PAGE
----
KC: I’m working with Tim Murray next year, Street Scene at Teatro Real, Madrid. He conducted the Tête à Tête chamber operas at RCM with Bill Bankes-Jones, he values good musicianship and specialises in contemporary music, so I’m really looking forward to working with him again. I’m working with Martyn Brabbins next year for the first time at ENO. I also want to build my orchestral song repertoire. RCM has put me forward for the Peter Hulsen Orchestral Song Award in September, which is the collaboration with Southbank Sinfonia. It’s a good opportunity, when you meet conductors, to be able to say that there are pieces you’re able to do and keen to work on. Because that’s all the extra stuff isn’t it, between doing opera contracts, it’s important to work on oratorio, orchestral works, song and competitions.
IO: Is there anyone who has been a role model or particularly inspiring on your journey so far?
KC: There are so many. Obviously, I follow a lot of mezzo tracks, I love Anne Sofie von Otter and Frederica von Stade. Diana Montague is one of my favourites, I really love the career she’s had. It was her recording of La Clemenza I had when I was preparing for the cover of Annio at Glyndebourne this summer, when I was also working with Alice Coote, Michèle Losier and Anna Stéphany, they are all just fantastic. I was covering Michèle and Rachel Kelly as well who was doing two performances of Annio, she came in for a week of rehearsals so I was observing and got to chat with her and she’s somebody I’d like to follow in the footsteps of. Obviously, coaches and répétiteurs as well that I’d love to work with, Iain Burnside and Simon Lepper, and there’s other singers like Nicky Spence, who perform both song and opera so fantastically and Soraya Mafi. I’d really like to achieve what they’ve achieved, doing roles and song recitals simultaneously.
IO: How are you feeling about the Scholars’ Recital in October?
KC: James (Baillieu) is great, I’m really looking forward to learning the Panufnik. The ensemble pieces, singing with Nika and Sam doing the Rosenkavalier trio, and I think that’ll be really exciting! I did the Brigitte Fassbender masterclass at the Wigmore in October last year, as well as the Kathleen Ferrier competition, which was exciting. It was a very intimidating room for sure, obviously with lots of supportive faces. The Wigmore is a very different audience compared to that at the colleges and of course very different to Pirates [at ENO] too, so it’s about knowing how to perform what feels right to the music and also appreciate what the audience are looking for.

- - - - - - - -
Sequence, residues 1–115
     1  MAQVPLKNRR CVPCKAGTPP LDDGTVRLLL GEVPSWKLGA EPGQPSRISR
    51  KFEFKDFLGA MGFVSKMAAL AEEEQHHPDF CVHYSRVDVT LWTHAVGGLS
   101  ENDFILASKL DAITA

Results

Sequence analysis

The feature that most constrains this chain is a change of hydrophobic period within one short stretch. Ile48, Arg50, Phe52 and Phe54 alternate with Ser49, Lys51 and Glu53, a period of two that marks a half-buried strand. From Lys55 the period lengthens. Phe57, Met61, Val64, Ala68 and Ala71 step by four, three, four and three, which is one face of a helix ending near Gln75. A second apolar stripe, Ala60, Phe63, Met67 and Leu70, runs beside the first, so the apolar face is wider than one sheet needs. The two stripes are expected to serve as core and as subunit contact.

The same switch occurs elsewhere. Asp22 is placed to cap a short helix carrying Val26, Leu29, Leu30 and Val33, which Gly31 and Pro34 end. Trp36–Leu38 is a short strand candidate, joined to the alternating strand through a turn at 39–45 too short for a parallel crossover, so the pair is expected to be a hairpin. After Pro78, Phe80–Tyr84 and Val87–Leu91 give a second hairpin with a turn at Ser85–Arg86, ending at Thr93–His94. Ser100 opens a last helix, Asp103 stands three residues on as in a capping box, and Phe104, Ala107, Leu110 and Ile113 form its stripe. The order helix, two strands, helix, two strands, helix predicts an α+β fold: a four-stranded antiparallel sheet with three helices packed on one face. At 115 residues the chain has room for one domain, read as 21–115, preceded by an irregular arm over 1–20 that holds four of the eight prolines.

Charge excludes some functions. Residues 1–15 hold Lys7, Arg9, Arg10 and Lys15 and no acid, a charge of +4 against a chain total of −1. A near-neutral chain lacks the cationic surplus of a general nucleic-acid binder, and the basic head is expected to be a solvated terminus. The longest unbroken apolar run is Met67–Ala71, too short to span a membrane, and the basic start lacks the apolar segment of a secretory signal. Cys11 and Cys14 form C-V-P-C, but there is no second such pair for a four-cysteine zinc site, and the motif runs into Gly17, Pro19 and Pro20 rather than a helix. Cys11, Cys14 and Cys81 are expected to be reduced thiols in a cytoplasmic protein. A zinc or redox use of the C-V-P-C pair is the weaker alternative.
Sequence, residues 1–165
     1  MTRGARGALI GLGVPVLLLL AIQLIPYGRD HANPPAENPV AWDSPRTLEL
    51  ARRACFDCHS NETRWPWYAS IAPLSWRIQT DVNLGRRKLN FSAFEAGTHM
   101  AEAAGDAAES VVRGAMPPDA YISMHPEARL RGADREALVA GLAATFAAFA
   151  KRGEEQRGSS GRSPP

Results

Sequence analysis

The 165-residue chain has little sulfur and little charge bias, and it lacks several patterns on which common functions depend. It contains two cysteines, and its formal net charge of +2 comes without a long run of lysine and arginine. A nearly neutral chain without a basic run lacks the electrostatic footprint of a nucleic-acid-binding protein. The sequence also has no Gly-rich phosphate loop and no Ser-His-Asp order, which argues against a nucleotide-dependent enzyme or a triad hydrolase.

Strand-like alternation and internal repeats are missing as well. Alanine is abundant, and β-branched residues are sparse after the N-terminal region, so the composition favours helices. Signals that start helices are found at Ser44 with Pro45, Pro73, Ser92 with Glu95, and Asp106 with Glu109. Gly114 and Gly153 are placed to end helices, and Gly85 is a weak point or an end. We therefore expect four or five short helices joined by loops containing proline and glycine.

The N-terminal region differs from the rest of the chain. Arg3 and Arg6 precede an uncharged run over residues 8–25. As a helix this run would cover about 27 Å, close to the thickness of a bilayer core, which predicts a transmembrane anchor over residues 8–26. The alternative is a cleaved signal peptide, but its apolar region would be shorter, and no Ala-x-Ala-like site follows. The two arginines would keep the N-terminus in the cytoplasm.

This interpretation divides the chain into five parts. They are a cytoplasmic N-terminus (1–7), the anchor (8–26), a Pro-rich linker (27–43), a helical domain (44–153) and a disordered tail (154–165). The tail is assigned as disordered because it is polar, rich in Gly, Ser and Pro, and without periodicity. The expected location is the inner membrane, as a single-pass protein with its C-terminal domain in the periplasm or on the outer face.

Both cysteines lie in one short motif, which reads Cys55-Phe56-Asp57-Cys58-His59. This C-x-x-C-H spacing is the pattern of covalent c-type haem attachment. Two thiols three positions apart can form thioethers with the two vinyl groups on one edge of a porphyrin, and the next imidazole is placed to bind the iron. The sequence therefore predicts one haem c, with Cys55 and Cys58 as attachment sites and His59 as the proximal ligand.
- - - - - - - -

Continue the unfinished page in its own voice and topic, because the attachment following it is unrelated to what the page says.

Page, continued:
IO: What advice would you give yourself or other who are just starting out at music school, and have you been given any advice that has stuck with you?
KC: Coming from university where my performance consisted of one 45-minute recital for the year, it was a shock coming into college and seeing how quickly you often have to learn things, and in the profession as well. You have to pick things up at a day’s notice sometimes. I would really advise just always being prepared, using every moment and resources to prepare, because that time is so valuable, not only as a cost thing.
Being prepared was advice passed on to me, but also knowing that if you’re not prepared and you aren’t ready then don’t do it. I held off auditioning for any of the summer festivals until I felt ready. College absolutely told me when I wasn’t ready for something, and I’ve had a few knocks. Don’t let it put you off. You must keep working at it, you have to believe that you can do it and have the confidence. That should be even more of a reason to go and show people that you can.